And so we come to another election

Four and a half years ago and newly arrived in Kenya to undertake peace-building work we were caught up in a whirlwind exercise of visiting areas where the 2007 election had resulted in violence in the community.

Longstanding followers of our blog will recall what we then wrote about how Kenya held its breath and finally rejoiced after the 2013 election took place without violence. Although we are now based back in the UK, our Kenyan colleagues in civil society have kept us up to date with current developments. We write this blog entry in solidarity with them, albeit no longer resident in Kenya but carrying them all in our hearts and prayers.

And so we come to another election, on August 8th, and tensions are running high.

On the one hand, the ruling Jubilee coalition is calling for 5 more years, “tano tena”, while the challenging party, NASA, is talking about about Kenyans entering Canaan, the promised land, once elected.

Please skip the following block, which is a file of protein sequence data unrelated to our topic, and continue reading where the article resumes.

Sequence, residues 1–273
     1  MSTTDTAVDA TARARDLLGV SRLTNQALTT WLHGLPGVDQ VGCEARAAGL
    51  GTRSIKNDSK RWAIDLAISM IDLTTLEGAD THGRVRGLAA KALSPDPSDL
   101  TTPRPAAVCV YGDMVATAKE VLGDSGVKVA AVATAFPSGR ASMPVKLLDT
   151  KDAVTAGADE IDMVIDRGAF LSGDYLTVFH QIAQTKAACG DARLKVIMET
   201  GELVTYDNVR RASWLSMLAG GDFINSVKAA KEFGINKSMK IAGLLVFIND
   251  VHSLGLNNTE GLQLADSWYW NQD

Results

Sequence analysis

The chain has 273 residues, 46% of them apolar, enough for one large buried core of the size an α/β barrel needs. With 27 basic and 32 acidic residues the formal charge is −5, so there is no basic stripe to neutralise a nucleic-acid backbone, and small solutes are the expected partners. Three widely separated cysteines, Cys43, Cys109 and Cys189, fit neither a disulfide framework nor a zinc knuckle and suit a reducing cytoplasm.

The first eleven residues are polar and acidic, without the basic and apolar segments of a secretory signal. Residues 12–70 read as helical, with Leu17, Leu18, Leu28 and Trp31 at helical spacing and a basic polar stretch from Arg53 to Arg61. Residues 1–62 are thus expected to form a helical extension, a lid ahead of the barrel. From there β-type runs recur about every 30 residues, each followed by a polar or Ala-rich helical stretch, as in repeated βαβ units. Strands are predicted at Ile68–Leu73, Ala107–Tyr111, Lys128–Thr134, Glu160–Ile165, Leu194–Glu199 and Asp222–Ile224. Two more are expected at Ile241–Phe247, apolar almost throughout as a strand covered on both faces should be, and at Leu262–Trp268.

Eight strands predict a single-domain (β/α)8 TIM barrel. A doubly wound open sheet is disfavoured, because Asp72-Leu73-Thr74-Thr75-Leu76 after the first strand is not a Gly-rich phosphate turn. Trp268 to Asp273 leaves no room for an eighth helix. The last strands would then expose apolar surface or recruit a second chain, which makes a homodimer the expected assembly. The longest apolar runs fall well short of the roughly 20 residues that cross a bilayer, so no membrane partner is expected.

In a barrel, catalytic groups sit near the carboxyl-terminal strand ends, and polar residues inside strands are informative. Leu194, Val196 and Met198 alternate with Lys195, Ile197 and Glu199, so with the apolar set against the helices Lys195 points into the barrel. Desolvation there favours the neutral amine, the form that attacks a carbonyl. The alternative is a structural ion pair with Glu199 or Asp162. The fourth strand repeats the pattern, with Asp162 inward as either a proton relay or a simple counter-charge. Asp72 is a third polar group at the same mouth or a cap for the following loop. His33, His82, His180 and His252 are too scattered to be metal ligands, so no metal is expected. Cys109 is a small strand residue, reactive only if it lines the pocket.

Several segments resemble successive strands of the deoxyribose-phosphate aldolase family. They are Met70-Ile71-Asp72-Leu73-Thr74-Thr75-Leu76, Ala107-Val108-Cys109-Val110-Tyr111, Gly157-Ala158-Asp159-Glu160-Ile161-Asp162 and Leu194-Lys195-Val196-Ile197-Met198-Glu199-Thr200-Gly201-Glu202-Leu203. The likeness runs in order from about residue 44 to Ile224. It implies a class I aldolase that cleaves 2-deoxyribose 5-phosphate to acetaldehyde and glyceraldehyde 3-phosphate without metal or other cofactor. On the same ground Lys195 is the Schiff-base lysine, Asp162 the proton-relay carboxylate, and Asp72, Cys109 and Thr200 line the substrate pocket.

It is no accident that politicians of all stripes use Biblical language. Kenya is after all, a religious nation, with very high levels of church attendance.

Biblical memes offer useful rallying points and slogans.

Our leaders are ever willing to prey upon our baser instincts, and we are ever willing to be ruled by both.

Many of our leaders work upon our Lowest Common Denominators instead of our Highest Common Factors, to borrow a metaphor from arithmetic.

Hate speech has again raised its toxic head, not only in social media, but also on the lips of some leaders in public speeches in Uasin Gishu and Nandi County.

Not that different from the hate speech that litters the social media in the UK and US, actually – as evidenced by the recent out-poured vitriol about the Charlie Gard case, and also disgraces the pages of some tabloids.

And thus tensions are ratcheted up another notch.

People have left Nairobi and other mixed areas to return to their “homelands”, seeking safety in numbers. The Government urges them not to do this, promising protection that is likely to prove illusory.

Why do we allow ourselves to be played in this way? Why do we so often fall for empty promises and venomous propaganda?

Instead of the kingdom of God on earth, we see Empires of the Elite, and not just in Kenya.